Chazal (Berachos 32B) derive from this pasuk (in which Hashem asks us to fear Him) that everything is in the hands of Heaven except the fear of Heaven. Everything in a person’s nature and circumstance in life — such as his height, complexion, financial success and his intelligence — are in Hashem’s hands. Whether or not one is G-d-fearing (and, by extension, all aspects of spiritual growth), however, is man’s decision. It is not forced upon him. Fear of Hashem is part of man’s free-will. The Talmud asks: Is fear of Heaven a small thing? They respond that, yes, for Moshe Rabbeinu who made the above statement (pasuk 10), yiraas Shomayim is a small thing. This is comparable to one who has asked for a large utensil which he has available. Since he already has it in his possession, he does not view it as being large (and hard to come by). When one asks his friend for a small utensil, but his friend does not have it, the small utensil which he does not have becomes like a large utensil, since he is unable to fill the person’s request.
The commentators make the obvious point: Although fear of Heaven was a small matter for Moshe, this was not about Moshe. This concerned Klal Yisrael for whom it was no small matter. Drashos HaRan explains that fear of Heaven is highly achievable by all. True, it requires great effort, but, once it has been achieved, the benefits are so great that the person will look back on his efforts as being trivial in comparison. Additionally, one who realizes the benefits at the onset of his journey will view the efforts as insignificant.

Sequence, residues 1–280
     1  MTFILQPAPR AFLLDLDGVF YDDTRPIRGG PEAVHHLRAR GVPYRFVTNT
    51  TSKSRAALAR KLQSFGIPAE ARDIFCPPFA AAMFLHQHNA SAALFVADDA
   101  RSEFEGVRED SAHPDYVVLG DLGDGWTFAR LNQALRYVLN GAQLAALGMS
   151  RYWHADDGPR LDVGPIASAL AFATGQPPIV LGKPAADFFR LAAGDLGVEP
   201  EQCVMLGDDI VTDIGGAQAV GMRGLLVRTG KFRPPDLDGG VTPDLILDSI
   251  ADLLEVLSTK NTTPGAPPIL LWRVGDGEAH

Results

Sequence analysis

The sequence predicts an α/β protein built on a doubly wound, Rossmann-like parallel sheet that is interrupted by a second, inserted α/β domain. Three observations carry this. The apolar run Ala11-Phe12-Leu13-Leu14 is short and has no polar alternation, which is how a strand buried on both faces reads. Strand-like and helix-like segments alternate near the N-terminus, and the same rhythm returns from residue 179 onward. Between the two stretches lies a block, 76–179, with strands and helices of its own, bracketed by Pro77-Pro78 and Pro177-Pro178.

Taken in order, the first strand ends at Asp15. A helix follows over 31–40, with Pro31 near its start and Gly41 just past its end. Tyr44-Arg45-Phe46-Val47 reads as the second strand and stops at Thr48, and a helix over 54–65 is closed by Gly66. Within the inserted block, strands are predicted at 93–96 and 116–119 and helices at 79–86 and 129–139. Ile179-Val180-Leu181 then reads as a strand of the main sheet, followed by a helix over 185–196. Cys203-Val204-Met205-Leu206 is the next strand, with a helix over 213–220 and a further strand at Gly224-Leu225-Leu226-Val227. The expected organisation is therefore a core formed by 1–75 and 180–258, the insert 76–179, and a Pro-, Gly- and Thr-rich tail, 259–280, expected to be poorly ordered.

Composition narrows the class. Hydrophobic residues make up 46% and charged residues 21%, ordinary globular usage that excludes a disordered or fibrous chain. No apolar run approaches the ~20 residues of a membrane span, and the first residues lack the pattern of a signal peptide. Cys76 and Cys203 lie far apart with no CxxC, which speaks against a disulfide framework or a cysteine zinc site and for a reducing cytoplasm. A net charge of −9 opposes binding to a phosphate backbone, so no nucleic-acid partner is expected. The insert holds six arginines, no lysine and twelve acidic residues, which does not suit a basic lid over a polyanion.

The Maggid, zl, m’Dubno explains that the generation revolves around its tzadik. The righteous person of each generation achieves exalted levels of yiraas Shomayim. Once this has been achieved, he brings the sublime qualities of yiraas Shomayim down to this world, which then become accessible to the “ordinary” man. In other words, what appears (and truly on its own is) formidable is mitigated by the tzadik’s personal efforts and achievements. We ride his coattails. The Maggid cites the Gaon, zl, m’Vilna who likens this to one who fills a large bowl with water. He keeps on pouring until it overflows and fills the smaller bowls next to it. Moshe brought his yiraas Shomayim accomplishments down to us, so that it has become a much easier task for us.
Horav Aryeh Leib Heyman, zl, offers an innovative approach toward understanding this Chazal. Someone has a large vessel in which he is able to put all his many possessions. Thus, if someone asks to borrow the vessel, he would refer to it as his large vessel. A person who possesses numerous vessels – some large, some small, some medium — does not view his large vessel as being out of the ordinary. It is one of his vessels.